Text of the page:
Both candidates and donors must disclose information about any election related gift with a value of $200 or more that was given or promised within the six-month period prior to the relevant election day. The reporting period for the 19 October 2019 elections commenced on 19 April 2019. Please also refer to Fact Sheet 5: Rights and Obligations in Campaigning.
A ‘gift’ includes:
- non-monetary item of value
- in kind or where there is inadequate financial consideration, such as the receipt of a discount (where the difference or the discount is worth more than $200)
- a financial or other contribution to travel
- the provision of a service for no consideration or for inadequate consideration
- a firm promise or agreement to give a gift at some future time.
A ‘gift’ does not include a gift by will, a relative, or item that does not relate to the candidate’s candidature, or the provision of volunteer labour.
The disclosure of a gift is to be made to the CEO of the local government. Information to be supplied includes the name of the candidate, the name and address of the donor, the date the gift was received (or promised), the value of the gift and a description of the gift.
In addition, any gifts from unidentified donors must be disclosed and provided to the CEO of the relevant local government for disposal.
Within three days of nomination, a candidate will need to disclose any gifts received in the relevant period prior to nomination and disclose any further gifts received thereafter. Details about each gift are to be submitted within three days of receiving the gift once a nomination has been made. Donors will also need to disclose any gifts made within the relevant period and candidates should advise donors of their reporting responsibilities.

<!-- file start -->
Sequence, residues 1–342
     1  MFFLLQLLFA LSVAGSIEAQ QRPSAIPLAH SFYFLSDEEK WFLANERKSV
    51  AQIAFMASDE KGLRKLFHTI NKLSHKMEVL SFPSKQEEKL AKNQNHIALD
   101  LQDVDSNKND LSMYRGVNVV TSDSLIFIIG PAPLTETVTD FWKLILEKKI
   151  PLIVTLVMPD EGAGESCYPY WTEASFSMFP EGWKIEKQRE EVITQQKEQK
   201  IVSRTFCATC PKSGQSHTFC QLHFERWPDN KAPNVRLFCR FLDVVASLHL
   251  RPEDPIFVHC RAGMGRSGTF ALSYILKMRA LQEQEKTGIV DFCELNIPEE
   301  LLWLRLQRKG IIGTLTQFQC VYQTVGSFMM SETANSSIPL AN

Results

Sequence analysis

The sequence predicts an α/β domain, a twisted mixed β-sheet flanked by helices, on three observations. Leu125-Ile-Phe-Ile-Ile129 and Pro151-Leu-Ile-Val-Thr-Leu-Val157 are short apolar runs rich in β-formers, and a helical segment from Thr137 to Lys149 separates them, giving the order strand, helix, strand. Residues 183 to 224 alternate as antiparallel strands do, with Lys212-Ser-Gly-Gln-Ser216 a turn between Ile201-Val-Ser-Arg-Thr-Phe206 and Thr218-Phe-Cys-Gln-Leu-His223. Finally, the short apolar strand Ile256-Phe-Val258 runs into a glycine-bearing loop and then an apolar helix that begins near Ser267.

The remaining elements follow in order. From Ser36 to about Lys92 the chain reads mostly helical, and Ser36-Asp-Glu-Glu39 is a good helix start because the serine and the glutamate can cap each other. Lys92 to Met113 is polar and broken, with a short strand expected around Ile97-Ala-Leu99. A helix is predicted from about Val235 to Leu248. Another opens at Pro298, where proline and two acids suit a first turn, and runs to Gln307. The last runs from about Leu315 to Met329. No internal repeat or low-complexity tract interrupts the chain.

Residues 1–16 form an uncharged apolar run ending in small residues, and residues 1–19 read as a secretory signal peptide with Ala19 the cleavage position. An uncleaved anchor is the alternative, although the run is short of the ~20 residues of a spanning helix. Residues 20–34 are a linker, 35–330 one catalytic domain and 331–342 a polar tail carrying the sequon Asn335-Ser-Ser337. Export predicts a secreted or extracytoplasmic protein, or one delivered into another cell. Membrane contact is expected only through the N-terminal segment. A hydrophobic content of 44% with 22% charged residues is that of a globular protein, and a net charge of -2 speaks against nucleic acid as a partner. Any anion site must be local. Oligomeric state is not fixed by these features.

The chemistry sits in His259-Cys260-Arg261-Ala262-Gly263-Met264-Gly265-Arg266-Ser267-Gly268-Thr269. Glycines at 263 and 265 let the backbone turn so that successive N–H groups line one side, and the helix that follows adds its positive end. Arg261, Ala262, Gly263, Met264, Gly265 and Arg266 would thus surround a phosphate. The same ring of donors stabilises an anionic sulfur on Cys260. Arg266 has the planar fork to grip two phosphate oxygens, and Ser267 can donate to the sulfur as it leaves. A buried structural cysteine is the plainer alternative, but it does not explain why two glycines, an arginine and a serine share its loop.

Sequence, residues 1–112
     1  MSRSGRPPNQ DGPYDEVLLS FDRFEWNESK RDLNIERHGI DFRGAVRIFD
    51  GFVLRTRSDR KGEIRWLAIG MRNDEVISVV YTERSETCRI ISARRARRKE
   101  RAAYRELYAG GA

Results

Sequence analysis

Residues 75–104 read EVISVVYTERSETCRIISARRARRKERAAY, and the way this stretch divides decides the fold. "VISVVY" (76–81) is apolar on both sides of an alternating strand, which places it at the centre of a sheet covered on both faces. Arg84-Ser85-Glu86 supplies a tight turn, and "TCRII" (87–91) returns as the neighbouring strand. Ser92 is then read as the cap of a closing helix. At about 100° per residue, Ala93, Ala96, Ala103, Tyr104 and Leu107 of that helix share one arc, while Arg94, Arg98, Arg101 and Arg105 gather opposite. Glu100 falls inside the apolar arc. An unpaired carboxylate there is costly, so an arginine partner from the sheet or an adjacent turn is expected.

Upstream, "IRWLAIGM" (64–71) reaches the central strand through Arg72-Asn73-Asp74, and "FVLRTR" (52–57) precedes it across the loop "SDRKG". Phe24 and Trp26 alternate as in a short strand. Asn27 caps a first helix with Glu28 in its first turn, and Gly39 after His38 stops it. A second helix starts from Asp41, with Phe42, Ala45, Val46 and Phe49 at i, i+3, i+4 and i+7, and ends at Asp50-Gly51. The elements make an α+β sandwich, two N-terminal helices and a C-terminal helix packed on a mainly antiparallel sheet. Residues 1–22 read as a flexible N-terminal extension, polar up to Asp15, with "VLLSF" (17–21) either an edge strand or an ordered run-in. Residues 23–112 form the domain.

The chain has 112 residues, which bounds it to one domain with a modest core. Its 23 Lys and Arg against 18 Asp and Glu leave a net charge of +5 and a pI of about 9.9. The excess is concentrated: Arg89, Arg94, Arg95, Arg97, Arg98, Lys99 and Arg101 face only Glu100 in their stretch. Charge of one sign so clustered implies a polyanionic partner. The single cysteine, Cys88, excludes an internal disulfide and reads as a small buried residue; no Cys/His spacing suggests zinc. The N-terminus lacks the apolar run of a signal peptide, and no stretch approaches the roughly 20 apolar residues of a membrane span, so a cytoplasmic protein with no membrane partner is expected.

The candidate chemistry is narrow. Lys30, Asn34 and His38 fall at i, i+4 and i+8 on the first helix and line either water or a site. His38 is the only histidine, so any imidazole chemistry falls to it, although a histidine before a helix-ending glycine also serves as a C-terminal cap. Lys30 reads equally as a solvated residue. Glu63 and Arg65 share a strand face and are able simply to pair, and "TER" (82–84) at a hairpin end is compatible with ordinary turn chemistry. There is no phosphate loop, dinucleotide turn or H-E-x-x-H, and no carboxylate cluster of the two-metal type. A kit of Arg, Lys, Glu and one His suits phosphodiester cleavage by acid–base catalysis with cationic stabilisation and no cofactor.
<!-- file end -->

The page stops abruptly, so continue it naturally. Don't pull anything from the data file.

The disclosure period finishes three days after election day for unsuccessful candidates and on the start day for financial interest returns for successful candidates.
Crowdfunding is the practice of funding a project or venture by raising monetary contributions from a large number of people, typically via the internet. It is becoming increasingly popular and there are a number of platforms for registration. Candidates can reach a broad range of people easily and cost effectively to boost election campaign funds by raising their profile in the community.
The same rules for disclosure apply to crowdfunding as with any other electoral gift. However, the technology can present additional risks as it may be difficult to verify the identity of donors or refuse a gift when it is made anonymously. When setting up a donation page, candidates must clearly inform potential donors of the disclosure conditions, and ensure that enough information is collected via the platform to satisfy the requirements.